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United States Patent 5,713,157
van Leeuwen ,   et al. February 3, 1998

Deck hanger


A deck hanger utilizes two sheet metal spring hanger clips to hook behind parallel accessible edges of a deck installation. Each clip has a body which includes a rectangular hole. A rectangular bar is positioned through the holes and U-shape blocking clip straddles each hanger clip body securing the bar in place. The bar spans a downwardly opening channel formed by the deck panels and supports cable trays, piping or other installations utilizing what might normally be dead space. Each clip also has a hook portion with a back having a barb and a nose portion no thicker than the sheet metal from which it is formed to enable grasping of the edges without distortion.

Inventors: van Leeuwen; Martin (Tilburg, NL); van Gijsel; Gerardus E. C. (Goirle, NL)
Assignee: Erico International Corporation (Solon, OH)
Appl. No.: 826908
Filed: April 9, 1997

Current U.S. Class: 52/39; 52/220.6; 52/506.06; 52/506.08; 52/698; 248/201; 248/300; 248/317
Intern'l Class: A47F 005/60; E04B 001/38; E04C 002/40
Field of Search: 52/39,713,712,506.06,506.08,220.6,220.1,336,338,404.5,407.2,698 248/300,201,317

References Cited
U.S. Patent Documents
2905426Sep., 1959Ross248/300.
2916712Dec., 1959Lee52/712.
4575983Mar., 1986Lott, Jr. et al.52/713.

Other References

Erico Fixing Products Catalog, .COPYRGT.1988 by ERICO.RTM., pp. 22-37.
Caddy Fasteners Catalog, .COPYRGT.1988 by ERICO.RTM. Products, Inc.
Caddy.RTM. Fasteners Idea Book, Mar. 1978, 2 pages.

Primary Examiner: Canfield; Robert
Attorney, Agent or Firm: Renner, Otto, Boisselle, Sklar

Parent Case Text

This application is a Continuation of Provisional application Ser. No. 60/014,918 filed Apr. 10, 1996.

We claim:

1. A deck hanger assembly comprising spaced hanger clips grasping accessible edges on the underside of deck panels, each hanger clip having a hole, a bar inserted through each bole and spanning between said spaced hanger clips beneath the deck panels, and blocking clips at each hanger clip securing the bar to each hanger clip.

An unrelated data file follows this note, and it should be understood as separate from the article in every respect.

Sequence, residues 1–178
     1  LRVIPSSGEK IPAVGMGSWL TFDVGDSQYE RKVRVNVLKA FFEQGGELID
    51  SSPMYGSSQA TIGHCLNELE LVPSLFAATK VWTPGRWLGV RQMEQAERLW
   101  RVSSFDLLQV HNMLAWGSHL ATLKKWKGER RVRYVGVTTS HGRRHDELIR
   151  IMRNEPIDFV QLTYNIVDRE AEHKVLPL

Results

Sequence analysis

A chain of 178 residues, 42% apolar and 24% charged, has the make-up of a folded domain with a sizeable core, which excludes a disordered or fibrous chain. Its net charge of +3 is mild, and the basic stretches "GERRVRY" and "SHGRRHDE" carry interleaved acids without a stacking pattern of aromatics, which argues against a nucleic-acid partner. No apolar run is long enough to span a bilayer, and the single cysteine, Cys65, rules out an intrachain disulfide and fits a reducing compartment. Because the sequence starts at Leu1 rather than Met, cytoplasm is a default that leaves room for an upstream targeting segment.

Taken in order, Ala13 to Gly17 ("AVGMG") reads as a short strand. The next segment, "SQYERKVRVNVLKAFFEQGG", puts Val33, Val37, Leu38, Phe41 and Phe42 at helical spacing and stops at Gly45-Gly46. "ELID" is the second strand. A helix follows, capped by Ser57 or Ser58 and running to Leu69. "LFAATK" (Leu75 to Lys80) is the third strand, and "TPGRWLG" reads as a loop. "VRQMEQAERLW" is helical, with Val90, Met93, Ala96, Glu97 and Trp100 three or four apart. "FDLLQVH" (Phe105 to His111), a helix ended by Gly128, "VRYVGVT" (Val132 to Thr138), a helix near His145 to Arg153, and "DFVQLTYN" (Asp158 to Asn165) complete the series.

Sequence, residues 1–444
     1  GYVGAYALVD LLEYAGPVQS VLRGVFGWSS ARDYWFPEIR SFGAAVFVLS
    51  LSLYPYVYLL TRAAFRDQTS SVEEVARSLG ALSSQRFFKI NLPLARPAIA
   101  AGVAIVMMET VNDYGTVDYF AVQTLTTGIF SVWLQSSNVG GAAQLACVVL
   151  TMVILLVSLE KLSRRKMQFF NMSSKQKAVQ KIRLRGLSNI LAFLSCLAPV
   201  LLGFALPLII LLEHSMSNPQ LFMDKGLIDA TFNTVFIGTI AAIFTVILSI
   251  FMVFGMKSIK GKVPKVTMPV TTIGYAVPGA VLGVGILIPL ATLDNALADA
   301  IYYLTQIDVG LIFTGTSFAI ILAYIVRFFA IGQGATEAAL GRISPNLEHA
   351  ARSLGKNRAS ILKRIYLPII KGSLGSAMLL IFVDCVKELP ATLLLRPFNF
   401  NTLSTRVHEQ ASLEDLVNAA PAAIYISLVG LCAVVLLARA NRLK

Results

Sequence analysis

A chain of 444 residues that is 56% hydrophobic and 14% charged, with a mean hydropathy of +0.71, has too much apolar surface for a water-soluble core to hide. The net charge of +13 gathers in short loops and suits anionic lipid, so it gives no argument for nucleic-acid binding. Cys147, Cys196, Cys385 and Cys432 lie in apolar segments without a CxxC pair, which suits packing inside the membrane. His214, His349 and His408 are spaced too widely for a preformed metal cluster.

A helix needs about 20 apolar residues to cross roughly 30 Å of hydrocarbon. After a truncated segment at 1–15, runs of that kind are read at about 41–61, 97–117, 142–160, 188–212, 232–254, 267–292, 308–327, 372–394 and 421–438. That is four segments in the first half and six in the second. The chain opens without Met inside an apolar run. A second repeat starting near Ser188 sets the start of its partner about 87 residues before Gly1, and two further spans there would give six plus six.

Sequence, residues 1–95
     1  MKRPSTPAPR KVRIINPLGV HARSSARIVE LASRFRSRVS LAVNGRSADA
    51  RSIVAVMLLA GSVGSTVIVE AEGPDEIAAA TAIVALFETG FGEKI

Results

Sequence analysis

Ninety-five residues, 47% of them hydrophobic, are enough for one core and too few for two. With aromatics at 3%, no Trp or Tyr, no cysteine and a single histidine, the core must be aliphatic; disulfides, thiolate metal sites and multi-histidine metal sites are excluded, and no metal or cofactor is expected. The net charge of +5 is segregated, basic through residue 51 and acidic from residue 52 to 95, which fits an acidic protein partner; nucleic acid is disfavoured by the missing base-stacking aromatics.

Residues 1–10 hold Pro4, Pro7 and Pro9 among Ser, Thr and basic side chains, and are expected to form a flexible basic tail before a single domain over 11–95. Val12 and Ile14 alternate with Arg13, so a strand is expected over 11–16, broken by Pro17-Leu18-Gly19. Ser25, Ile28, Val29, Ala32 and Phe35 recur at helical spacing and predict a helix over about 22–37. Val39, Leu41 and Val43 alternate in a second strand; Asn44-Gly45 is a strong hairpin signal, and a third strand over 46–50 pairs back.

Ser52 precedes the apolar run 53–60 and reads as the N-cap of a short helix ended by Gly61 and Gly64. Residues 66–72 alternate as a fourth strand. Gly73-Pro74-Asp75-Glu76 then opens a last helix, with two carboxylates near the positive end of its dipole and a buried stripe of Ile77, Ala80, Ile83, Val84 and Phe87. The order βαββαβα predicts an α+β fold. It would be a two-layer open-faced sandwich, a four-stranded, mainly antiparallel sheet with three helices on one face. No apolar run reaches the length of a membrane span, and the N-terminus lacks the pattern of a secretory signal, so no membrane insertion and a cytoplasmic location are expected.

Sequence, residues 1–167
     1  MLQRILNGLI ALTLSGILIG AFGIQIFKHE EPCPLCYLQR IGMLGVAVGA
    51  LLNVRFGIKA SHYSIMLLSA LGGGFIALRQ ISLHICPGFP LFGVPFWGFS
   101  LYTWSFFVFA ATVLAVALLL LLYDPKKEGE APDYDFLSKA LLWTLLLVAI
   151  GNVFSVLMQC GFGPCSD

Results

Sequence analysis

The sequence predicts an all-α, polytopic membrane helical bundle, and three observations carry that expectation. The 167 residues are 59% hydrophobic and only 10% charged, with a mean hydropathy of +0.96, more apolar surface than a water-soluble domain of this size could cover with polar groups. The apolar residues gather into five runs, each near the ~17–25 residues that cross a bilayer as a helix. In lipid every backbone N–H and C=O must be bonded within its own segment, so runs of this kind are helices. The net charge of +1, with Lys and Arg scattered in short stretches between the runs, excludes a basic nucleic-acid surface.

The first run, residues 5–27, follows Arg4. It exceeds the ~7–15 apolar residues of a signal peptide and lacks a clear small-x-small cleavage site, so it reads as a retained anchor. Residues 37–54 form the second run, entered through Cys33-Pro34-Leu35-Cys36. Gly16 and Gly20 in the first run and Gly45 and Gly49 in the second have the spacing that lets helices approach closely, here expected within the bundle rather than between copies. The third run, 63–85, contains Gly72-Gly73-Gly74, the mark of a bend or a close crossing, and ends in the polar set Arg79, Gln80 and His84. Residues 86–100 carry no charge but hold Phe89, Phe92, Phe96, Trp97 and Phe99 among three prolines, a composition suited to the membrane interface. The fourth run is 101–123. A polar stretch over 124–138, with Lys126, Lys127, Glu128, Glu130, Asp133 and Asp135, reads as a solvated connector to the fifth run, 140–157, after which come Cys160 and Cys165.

2. A deck hanger assembly as set forth in claim 1 wherein each said hole and said bar are rectangular.

3. A deck hanger assembly as set forth in claim 2 wherein said blocking clips are U-shape and each include slotted legs receiving a hanger clip.

4. A deck hanger assembly as set forth in claim 3 wherein said blocking clips snap over an edge of said bar and straddle a hanger clip.

5. A deck hanger assembly as set forth in claim 3 wherein said blocking clips are inserted horizontally at each hanger clip and grasp said rectangular bar.

6. A deck hanger assembly as set forth in claim 3 wherein said blocking clips include barbs biting into said bar when installed.

7. A deck hanger assembly as set forth in claim 1 wherein said deck panels include trapezium ribs forming downwardly opening channels, said bar spanning at least one channel to support a load at least partially within such channel.

8. A deck hanger assembly as set forth in claim 1 wherein each hanger clip includes a further hole so that other or additional loads may be suspended therefrom.

This application is a Continuation of Provisional application Ser. No. 60/014,918 filed Apr. 10, 1996.


This invention relates generally as indicated to a deck hanger, and more particularly, to a deck hanger for suspending loads over a substantial span without compromising the deck.